The Cost of Non-Participation in Quality Reporting

PQRS, value modifier, Meaningful use reportingWhat “Left Behind” May Look Like

By Joy Rios, Managing Partner at Practice Transformation

Twitter: @askjoyrios

According to the 2014 Great American Physician Survey results, 26 percent of providers work as solo practitioners. While EHR adoption has certainly increased significantly in the past several years,  as much as 12% have yet to take the digital leap.

Today, I’d like to illustrate the consequences for providers who ignore the EHR Incentive Program, PQRS and, by proxy, the Value-Based Modifier Program. Like it or not, pay for performance is just around the corner and as with most change, ignoring it will not make it go away.

As you may or may not know, CMS phased in the first stages of a national pay-for-performance program-aka the Value Modifier-to groups of 10+ this year. Next year, CMS is proposing to phase the value modifier program to groups of 2+ eligible providers and solo practitioners.

That means that every eligible provider, regardless of group size, will be subject to reimbursement adjustments based on the quality of care metrics that are reported to CMS. When providers choose not to participate in quality reporting programs, whether out of ignorance, negligence, or stubbornness, CMS assumes the worst — that these providers offer their patients poor quality of care at a high cost — and as a result they plan to apply the steepest penalties to their reimbursements.

At this stage of the quality reporting game and going forward, non-action is the most expensive path a provider can take.

Based on 2014 quality measure reporting, penalties of up to 4% will be applied to groups of 10+ eligible providers who do not participate in PQRS. That’s a 2% penalty for PQRS and a 2% penalty for the value modifier.

The proposed rule recommends doubling the value modifier penalty to 4% based on 2015 quality measure reporting, bringing the total penalty related to the PQRS program to 6%. That would be a 2% penalty for PQRS and 4% penalty for the value modifier.

And this number does not include the penalties for not participating in the EHR Incentive program.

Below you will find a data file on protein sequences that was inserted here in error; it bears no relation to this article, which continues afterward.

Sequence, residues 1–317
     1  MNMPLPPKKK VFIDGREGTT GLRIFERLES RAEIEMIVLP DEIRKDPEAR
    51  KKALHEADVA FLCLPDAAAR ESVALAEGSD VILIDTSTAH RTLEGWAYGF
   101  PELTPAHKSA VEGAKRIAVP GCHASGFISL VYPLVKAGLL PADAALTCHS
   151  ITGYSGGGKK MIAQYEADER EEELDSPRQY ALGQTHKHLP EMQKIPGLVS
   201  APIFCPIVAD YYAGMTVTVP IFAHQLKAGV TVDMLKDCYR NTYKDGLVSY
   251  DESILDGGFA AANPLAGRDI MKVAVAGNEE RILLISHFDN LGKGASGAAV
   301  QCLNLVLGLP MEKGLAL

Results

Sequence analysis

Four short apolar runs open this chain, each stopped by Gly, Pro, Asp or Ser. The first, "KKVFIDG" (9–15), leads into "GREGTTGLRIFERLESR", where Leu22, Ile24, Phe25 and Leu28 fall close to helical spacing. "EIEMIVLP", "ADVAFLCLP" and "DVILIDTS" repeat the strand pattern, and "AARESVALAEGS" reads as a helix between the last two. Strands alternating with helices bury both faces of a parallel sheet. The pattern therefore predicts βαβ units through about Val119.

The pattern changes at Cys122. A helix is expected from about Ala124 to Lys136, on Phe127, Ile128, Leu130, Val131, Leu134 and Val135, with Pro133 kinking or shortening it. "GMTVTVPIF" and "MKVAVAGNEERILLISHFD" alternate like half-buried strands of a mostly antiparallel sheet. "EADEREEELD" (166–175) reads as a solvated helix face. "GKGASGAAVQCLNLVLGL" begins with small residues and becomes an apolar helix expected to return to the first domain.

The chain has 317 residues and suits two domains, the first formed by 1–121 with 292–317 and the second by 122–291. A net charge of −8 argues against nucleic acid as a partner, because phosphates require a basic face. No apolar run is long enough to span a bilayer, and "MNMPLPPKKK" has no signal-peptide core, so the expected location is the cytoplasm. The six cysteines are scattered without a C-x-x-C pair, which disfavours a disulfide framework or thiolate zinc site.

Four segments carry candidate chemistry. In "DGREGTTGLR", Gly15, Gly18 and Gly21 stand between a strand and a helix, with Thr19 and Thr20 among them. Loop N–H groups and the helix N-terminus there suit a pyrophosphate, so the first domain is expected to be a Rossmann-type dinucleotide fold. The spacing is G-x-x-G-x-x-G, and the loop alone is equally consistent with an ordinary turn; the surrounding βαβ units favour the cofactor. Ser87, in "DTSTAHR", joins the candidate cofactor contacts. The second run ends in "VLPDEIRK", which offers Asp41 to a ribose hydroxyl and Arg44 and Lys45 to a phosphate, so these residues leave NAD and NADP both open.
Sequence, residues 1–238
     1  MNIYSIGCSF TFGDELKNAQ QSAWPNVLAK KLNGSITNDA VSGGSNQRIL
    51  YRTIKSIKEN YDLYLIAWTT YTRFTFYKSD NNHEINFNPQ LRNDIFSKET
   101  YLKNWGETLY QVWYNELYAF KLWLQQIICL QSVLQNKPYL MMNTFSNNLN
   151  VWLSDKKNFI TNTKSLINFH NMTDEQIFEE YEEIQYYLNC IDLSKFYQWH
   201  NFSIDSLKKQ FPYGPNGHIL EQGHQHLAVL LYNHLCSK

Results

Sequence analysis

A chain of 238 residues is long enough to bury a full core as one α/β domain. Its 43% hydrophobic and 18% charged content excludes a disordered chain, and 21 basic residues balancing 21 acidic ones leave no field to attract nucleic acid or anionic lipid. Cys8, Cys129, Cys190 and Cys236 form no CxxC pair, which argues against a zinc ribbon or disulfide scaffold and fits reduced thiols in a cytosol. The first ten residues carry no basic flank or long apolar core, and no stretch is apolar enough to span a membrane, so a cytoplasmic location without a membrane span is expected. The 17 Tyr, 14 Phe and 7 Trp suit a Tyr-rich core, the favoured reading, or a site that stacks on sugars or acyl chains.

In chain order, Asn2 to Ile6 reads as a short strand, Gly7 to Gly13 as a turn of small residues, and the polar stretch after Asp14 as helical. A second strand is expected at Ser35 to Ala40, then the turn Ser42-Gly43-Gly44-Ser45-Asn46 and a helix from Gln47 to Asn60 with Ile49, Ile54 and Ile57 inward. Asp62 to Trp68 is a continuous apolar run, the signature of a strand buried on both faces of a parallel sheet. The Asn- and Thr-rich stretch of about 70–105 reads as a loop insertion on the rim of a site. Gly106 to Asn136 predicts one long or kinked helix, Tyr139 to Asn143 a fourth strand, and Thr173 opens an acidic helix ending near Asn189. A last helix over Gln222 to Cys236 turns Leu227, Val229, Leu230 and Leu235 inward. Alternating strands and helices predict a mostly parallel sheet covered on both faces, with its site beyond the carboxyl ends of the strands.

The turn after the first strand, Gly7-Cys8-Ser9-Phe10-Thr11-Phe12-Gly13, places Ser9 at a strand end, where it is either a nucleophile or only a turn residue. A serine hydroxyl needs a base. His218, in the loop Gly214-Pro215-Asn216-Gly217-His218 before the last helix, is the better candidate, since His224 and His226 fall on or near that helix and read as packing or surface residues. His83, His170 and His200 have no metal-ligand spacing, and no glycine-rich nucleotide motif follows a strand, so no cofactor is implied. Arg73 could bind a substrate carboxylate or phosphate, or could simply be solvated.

To illustrate the point, I’ve put together a set of scenarios based on the proposed PQRS rule being finalized and the consequences for non-, partial-, and late-participation by three solo practitioners. To ensure that I compare apples to apples, I assumed that each provider:

  • sees the same number of patients;
  • has the same percentage of Medicare patients;
  • has the same annual revenue; and therefore,
  • has the same annual reimbursements from Medicare

Like this:

penalty stats



Outlined below are three distinct plans of (non)-action for a solo practitioner. The first provider, Dr. Henry, had decided to ignore both the EHR Incentive Program and PQRS. Dr. Andre, the next example, is getting a late start to the EHR Incentive Program, but will be avoiding PQRS reporting. And lastly, Dr. Janet, is a late bloomer. She will start to report both programs in 2015.

PQRS, VM, MU penalties and reporting


Scenario 1: Report Nothing

Dr. Henry will suffer the highest consequences of this group. Remember that penalties are applied two years after the reporting year, so his first round of negative payment adjustments based on 2013 reporting would result in a $10,500 pay cut in 2015.

Fast forward to the value modifier program being phased in and the penalties become significantly steeper. If he continues his non-reporting of both programs in 2016, he’ll see a $42,000 pay cut in 2018.

Over five years, these penalties add up to nearly $137,000.
ignore PQRS & MU reporting


Scenario 2: Report Something

By attesting the EHR Incentive Program  in 2014, Dr. Andre will see $59,000 more reimbursements than Dr. Henry, but he will still be significantly impacted by the PQRS and Value Modifier penalties. He’ll lose $40,000 to the PQRS penalty over five years, and nearly $34,000 to the value modifier penalty over the same time period.

report MU, ignore PQRS reporting


Scenario 3: Report Everything, but Late

Dr. Janet’s non-participation in the programs will cost her about $10,500 in 2015 and about $16,850 in 2016. By starting to report both programs in 2015, she will avoid penalties in 2017 and beyond.

reporting PQRS & MU in 2015


Although these numbers may not be apples-to-apples with your organization, you can see the point — non-action is expensive. What’s your plan?